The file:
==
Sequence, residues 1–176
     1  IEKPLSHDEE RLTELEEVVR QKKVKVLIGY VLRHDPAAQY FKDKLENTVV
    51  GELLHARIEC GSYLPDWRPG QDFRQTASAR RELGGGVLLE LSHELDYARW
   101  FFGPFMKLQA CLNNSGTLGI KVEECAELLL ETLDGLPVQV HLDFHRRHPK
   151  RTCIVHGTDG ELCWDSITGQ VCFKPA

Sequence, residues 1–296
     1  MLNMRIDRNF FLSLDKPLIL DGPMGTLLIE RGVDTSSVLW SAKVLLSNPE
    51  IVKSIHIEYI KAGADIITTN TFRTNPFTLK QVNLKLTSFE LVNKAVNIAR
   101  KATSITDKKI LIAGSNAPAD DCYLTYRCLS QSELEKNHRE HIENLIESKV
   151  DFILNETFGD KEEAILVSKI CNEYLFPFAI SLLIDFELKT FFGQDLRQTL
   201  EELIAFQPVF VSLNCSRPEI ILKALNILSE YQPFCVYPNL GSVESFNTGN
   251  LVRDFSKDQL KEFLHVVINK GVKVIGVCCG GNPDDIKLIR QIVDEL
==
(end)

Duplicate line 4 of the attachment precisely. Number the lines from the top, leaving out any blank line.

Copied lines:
   101  FFGPFMKLQA CLNNSGTLGI KVEECAELLL ETLDGLPVQV HLDFHRRHPK